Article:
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Brewno
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  • Register:07/11/2003 04:05:20

Date Posted:07/07/2004 07:42:29Copy HTML

I'm still thinking about using Veg Oil to power my Dodge. My car is on its last legs and I may be forced to commute25 miles a day in my camper.I have been told that Bosch fuel pumps can handle the Veg alternative but Lucas pumps can struggle. Which pump does my mark 2 S56 use ?
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Re:Vegetable Oil

Date Posted:22/02/2005 04:34:36Copy HTML

by the style of this I'm guessing you got it from the Jouney . . .  I recommend folks not to bother with that site, for the reason's you've outlined Chuggy, and a few of my own.

it's foolproof method has come in for lots of criticism because even well practiced biodieselers have had trouble making good fuel with it, . . . If you've got a double first in bio-chemistry and engineering I reckon that on a good day, you could sort out the good from the bad and the down right ugly on that site.  Other than that, it does your head in, a lot of the stuff contradicts itself in my book.

they also deliberately hype up the deadly poison bit  That's probably the bit I like best  - - x - - some folks get lung cancer at 30 from the exhaust smoke from their 90 year old, '90 a day since I was 6' grandads - - x - - The trouble with safety warnings is that you hype them up. 

That said, illegal still have killed a few operators when they've turned out methanol instead of drinking alcohol - - x - - Like normal alcohol, methanol fumes give a warm comfortable feeling of safety.

To get the chemical reaction that turns veg oil into biodiesel you need heat, I think the minimum is about 20-25 degrees C but at this temp it would need agitating for hours, so most people go for around 55 deg C 

  • Do you get better fuel at around one particular temperature Chuggy?
  • Do you get more fuel at around one particular fuel?

 I tried going at 63 deg C once but could see slight methanol vapours starting to form on the surface when I poured the methoxide in, so I kept a safe distance just outside the garage in the fresh air, so I'm sticking with 60 deg C from now on.

The 'dip your toe in the water' i've been sticking on the site has a condensation trap - - x - - What do you reckon to that idea?

Dodgy Share to: Facebook Twitter MSN linkedin google yahoo #34
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  • Register:11/10/2003 11:43:35

Re:Vegetable Oil

Date Posted:23/02/2005 06:49:18Copy HTML

Jammie

you asked

  • Do you get better fuel at around one particular temperature Chuggy?
  • Do you get more fuel at around one particular fuel?
  • The 'dip your toe in the water' i've been sticking on the site has a condensation trap - - x - - What do you reckon to that idea?

I don't think you get that much difference in quality with heat variation, the reaction just goes quicker with more heat, the most critical elements for the amount of conversion(transesterification of veg oil into biodiesel methyl esters)) and the quality of the fuel are the result of the amount of methanol and catalyst used.

A trap for the methanol is a good idea, but obviously involves more work to build, if you are careful and methodical you should be alright without one.

Tilly's Dr pepper method is a good intro into basic biodiesel making this webpage has useful pictures 

 Tilly's Dr pepper method from http://www.kitchen-biodiesel.com/

Dodgy Chug
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Re:Vegetable Oil

Date Posted:25/02/2005 03:59:28Copy HTML

Thank you very much for Dr Pepper Chuggy, I enjoyed it.

The bit that puzzles me is that very few of the sites mention checking to see how much hydroxide is left in the oil.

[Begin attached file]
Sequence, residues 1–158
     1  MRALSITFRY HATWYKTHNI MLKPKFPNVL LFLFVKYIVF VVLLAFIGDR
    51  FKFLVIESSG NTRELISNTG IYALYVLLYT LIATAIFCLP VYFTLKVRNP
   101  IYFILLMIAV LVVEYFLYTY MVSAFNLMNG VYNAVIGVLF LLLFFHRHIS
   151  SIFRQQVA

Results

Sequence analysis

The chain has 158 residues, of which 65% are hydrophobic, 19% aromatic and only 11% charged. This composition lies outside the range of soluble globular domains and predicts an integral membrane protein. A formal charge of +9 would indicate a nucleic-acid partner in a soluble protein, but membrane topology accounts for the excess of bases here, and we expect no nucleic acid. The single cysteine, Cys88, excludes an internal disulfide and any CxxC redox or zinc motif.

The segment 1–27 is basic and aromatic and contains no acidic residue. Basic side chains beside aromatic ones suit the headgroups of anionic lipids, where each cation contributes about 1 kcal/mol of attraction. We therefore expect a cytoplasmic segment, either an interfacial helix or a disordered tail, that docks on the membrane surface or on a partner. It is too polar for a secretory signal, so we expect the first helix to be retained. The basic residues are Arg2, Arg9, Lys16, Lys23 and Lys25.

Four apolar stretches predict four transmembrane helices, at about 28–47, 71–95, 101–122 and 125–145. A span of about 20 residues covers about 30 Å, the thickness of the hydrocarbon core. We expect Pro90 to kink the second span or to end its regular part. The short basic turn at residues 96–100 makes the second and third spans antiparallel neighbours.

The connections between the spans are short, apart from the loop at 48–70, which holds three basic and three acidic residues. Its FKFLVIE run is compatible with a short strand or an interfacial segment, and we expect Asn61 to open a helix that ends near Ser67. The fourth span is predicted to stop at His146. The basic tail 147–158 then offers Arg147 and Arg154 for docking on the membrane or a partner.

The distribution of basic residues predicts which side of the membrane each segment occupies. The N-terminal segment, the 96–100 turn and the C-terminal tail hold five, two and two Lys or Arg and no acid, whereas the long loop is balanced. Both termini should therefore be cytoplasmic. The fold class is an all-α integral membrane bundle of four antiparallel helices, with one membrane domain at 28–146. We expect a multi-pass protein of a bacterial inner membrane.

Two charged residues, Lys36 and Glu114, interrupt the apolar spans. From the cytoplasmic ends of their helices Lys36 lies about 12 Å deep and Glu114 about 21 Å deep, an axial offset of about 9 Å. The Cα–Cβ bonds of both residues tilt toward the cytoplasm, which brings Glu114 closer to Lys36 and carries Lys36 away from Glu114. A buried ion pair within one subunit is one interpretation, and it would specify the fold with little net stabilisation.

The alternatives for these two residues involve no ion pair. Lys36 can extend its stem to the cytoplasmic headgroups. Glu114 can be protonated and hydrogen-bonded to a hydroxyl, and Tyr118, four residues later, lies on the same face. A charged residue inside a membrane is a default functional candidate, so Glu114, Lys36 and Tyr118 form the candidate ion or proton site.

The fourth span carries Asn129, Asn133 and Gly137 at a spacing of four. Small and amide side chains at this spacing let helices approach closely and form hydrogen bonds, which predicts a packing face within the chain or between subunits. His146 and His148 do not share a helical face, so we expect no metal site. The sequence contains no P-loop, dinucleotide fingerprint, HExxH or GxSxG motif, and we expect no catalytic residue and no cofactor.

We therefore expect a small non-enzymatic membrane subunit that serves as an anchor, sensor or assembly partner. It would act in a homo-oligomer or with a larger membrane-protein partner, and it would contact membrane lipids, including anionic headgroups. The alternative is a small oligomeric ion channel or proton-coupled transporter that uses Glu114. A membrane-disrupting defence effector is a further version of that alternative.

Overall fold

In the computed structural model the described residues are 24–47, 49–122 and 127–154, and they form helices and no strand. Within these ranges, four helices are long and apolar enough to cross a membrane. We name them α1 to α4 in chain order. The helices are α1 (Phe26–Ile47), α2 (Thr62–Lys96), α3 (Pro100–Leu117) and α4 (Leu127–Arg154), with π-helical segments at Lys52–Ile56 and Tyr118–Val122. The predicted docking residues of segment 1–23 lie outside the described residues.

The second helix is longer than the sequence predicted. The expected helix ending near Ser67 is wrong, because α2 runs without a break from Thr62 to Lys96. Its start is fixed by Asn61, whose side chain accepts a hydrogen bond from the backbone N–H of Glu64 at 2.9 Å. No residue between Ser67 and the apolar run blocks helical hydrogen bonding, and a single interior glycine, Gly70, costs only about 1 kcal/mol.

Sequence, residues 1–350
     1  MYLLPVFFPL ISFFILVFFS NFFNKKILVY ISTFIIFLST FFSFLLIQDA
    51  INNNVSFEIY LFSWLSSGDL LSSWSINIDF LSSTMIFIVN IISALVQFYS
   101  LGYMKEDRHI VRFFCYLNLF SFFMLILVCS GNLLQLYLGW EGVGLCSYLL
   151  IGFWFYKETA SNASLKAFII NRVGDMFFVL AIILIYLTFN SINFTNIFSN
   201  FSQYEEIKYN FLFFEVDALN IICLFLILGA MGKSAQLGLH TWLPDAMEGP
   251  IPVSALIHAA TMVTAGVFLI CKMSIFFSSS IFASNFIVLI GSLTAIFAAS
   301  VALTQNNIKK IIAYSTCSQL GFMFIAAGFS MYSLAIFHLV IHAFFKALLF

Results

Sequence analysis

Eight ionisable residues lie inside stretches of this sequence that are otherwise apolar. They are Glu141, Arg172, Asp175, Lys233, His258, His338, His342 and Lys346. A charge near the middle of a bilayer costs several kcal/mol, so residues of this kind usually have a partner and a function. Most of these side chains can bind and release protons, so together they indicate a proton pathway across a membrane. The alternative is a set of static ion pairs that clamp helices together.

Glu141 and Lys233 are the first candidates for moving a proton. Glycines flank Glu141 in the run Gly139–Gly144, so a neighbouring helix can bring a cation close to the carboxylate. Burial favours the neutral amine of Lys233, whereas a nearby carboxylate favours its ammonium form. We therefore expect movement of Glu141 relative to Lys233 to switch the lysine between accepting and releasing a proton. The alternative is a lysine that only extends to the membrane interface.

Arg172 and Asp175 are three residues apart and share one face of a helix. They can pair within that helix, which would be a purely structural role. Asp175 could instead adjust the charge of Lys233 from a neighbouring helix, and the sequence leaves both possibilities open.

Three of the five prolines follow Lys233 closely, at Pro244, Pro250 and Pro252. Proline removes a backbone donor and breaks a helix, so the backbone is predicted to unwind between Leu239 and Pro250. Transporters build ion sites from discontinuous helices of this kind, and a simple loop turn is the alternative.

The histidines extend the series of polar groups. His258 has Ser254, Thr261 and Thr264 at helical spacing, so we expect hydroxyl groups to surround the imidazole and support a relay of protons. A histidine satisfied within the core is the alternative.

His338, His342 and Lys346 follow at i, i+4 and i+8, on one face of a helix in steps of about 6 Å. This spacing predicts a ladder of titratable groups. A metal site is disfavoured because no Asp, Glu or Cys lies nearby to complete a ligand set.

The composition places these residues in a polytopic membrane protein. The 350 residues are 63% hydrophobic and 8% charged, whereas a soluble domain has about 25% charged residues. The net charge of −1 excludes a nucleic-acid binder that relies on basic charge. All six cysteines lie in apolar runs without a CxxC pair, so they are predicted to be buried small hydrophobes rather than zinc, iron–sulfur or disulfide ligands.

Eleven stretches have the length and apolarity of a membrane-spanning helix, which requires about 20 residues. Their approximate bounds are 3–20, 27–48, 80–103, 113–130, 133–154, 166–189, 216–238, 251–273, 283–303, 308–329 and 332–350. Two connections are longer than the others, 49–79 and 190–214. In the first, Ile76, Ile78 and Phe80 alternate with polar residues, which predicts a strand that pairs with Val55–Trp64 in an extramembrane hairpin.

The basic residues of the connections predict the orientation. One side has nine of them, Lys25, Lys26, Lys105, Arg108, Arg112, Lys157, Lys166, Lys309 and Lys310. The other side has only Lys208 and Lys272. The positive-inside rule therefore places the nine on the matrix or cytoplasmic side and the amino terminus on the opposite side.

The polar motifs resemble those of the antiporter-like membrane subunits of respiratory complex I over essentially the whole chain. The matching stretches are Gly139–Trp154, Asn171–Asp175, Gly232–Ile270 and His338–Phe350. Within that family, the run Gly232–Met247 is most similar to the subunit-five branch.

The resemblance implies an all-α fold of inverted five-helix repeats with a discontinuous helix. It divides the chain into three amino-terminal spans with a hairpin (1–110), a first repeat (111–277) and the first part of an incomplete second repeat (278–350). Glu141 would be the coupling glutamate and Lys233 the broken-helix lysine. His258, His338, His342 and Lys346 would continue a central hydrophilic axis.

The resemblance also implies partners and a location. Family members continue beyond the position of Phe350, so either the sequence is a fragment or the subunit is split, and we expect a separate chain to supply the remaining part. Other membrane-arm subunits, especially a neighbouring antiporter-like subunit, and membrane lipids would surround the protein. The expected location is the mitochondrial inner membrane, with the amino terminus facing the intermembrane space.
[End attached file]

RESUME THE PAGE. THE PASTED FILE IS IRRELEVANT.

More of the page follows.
The next bit of the one I've been putting on the site has a con trap. - - x - - for my money, if the vapour condenses properly, the con trap can vent into the air. - - x - - although the site one doesn't.

One lot boil the spare methanol off at the end of the process and condense it so that they have some clean methanol for next time.

J

 

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Re:Vegetable Oil

Date Posted:27/02/2005 07:50:01Copy HTML

Jammie

I'm not sure what you mean by checking to see how much hydroxide is left in the oil, sodium or potassium hydroxide is mixed into methanol then added to the warmed oil, do you mean how much catalyst remains in the finished biodiesel? if so this depends on how much was used but should only be negligable amounts

You need to have quite a bit of the glycerine by product to start reclaiming the methanol from it, people usually manage to reclaim 10 -15%, and as the methanol is the costly bit this can help reduce your costs.

I really must go and get on with the work I should be doing instead of playing on here!

Dodgy Chug
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Re:Vegetable Oil

Date Posted:28/02/2005 02:28:26Copy HTML

I tried that work malarky Chuggy, but never took to it.

do you mean how much catalyst remains in the finished biodiesel - x - I'm not sure which bit is what they call a catalyst.

I mean how much sodium hydroxide (or potassiom hydroxide)  that you pour into the cooking oil is left - x - The technical sites test to see how much is left over and neutralize it - x - the backyard ones seem to keep quiet about it.

The weregonnamaketheworldlastforever site mentions using a solution made from a plant to so find out how much hydroxide is left, but like to much of that site,  it seemed a bit too "hippy to me man".

In my book, hydroxide could seriously shorten the life of an engine.

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Re:Vegetable Oil

Date Posted:03/03/2005 06:25:16Copy HTML

Jammie

sorry I should have said that the sodium/potassium hydroxide is the catalyst, and there shouldn't really be any left in the biodiesel, if the reaction is done well it should all be used up, but if like me you use more than normal, then I recommend washing the biodiesel to remove it, some people don't bother washing their biodiesel and unless they got their catalyst amounts exact so it is all used in the reaction then they will surely have some catalyst in their fuel!